Supreme Court moderates a severe decree
By Rabbi Michael Leo Samuel
CHULA VISTA, California–This week, the Supreme Court made a very interesting decision and ruled that it’s unconstitutional to sentence a juvenile to life without the possibility of parole for the crime of murder. The original case involved the robbery and murder of Cole Cannon. Two young thugs, Evan Miller and Kuntrell Jackson, decided to beat Cannon to death with a baseball bat; both assailants stole his baseball card collection along with $350. Prior to the Supreme Court’s decision, the Alabama Court of Criminal Appeals upheld the original sentence and felt that Miller’s sentence was justified especially when considering the heinousness nature of his crime, but the Supreme Court overruled the Alabama Court.
- “Monday’s high court ruling “is an important win for children,” said Bryan Stevenson, executive director of the Equal Justice Initiative, who represented Jackson and Miller. “The court took a significant step forward by recognizing the fundamental unfairness of mandatory death-in-prison sentences that don’t allow sentencers to consider the unique status of children and their potential for change. The court has recognized that children need additional attention and protection in the criminal justice system.” (NPR June 25th 2012)
The story made me think. What would Jewish tradition say? Actually, there is a biblical passage that speaks directly to this particular problem:
- If a man has a stubborn and unruly son who will not listen to his father or mother, and will not obey them even though they chastise him ,his father and mother shall have him apprehended and brought out to the elders at the gate of his home city, where they shall say to those city elders, ‘This son of ours is a stubborn and unruly fellow who will not listen to us; he is a glutton and a drunkard.’ Then all his fellow citizens shall stone him to death. Thus shall you purge the evil from your midst, and all Israel, on hearing of it, shall fear” (Deut. 21:18-21)
Contextually speaking, the above section is an example of how the Torah limited patriarchal power. In Semitic societies the father could determine whether a son or a daughter lived or died. This attitude still exists in some contemporary Arab communities. Western societies have often heard about “Honor killings” that involve a father (or a brother) who disapproves of a daughter choosing her own life partner to marry, rather than marry the person the father designates. In biblical times, transferring such power to the courts in effect limited the father’s ability to punish a wayward child. Centuries later, the rabbis later restricted the power of the courts so the child would live to see manhood. They specifically accomplished this by imposing numerous restrictions that essentially nullified the biblical precept and its toxic potential for abuse.
Historically, in the medieval period, some Christian communities took these biblical prescriptions quite literally. For many centuries, people did not understand the nature of adolescent rebellion and its relationship to the psychological theory of the Oedipal Complex that Freud introduced in the early 20th century.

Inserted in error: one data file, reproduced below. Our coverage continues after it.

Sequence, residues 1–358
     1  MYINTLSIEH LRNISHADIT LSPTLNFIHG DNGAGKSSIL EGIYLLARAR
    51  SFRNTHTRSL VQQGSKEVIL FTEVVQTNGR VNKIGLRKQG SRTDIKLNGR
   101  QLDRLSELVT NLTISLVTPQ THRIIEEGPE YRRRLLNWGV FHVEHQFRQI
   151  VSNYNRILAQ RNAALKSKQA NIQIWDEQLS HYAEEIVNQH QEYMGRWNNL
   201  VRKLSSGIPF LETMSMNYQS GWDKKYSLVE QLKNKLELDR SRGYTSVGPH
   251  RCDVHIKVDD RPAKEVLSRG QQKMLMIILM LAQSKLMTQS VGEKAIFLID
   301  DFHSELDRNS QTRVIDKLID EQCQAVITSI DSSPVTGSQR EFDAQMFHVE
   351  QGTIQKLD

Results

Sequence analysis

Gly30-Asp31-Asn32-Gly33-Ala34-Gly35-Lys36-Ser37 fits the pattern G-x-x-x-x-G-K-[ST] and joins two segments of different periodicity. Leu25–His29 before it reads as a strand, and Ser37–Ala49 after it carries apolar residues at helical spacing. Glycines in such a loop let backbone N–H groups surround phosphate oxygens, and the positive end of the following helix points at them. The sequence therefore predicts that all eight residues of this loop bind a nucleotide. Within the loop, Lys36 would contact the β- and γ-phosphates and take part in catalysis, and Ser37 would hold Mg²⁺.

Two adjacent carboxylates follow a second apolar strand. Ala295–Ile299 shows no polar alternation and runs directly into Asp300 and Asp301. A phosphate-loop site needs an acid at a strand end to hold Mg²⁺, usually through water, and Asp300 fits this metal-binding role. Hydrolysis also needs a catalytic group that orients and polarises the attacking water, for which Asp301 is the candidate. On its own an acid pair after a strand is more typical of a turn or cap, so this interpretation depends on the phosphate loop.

Here is how the rabbis saved the life of the vulnerable youth. The rabbis reasoned, “If a man has a … son”—a son and not a daughter, a son [i.e., a boy] and not an adult male. A minor is exempt, as he has not reached the age of responsibility for [fulfilling] the commandments.  In other words, if the minor is under the age of thirteen or if he is already an adult—the law of the rebellious child does not apply. The minor must be chronologically near to adulthood. A number of the Amoraim (latter Talmudic rabbis) concluded that the period of time pertaining to this law only applies to three months prior the boy’s thirteenth birthday.
If he ate any food but not meat, if he drank any drink but not wine—he does not become a stubborn and rebellious son until he eats meat and drinks wine, as it is stated: “He is a glutton and a drunkard.” Even though there is no proof for this interpretation, it is suggested in the verse, “Don’t drink too much wine and get drunk; don’t eat too much meat and get fat. Drunks and gluttons will end up on skid row, in a stupor and dressed in rags” (Proverbs 23:20-21). The passage therefore applies neither to a minor under the age of thirteen nor to one who is already an adult but to “a son who is near to adulthood,”  and the amoraim therefore concluded that “the time during which the law of the stubborn and rebellious son applies is only three months.”  Moreover, if a decision had not yet been made in his case by the time the three-month period expired, the son was exempted from punishment. 
The case gets even more interesting in the Talmud:
- “His father and his mother shall take hold of him.” This teaches that he is not guilty unless he has a father and mother. If one of them [of the parents] was maimed, lame, mute, blind, or deaf, he cannot become a stubborn and rebellious son, as is stated: “His father and his mother shall take hold of him”—thus, they cannot be maimed; “and bring him out”—thus, they cannot, be lame; “they shall say”—thus, they cannot be mute; “this son of ours”—thus, they cannot be blind; “he does not heed us”—thus, they cannot be deaf.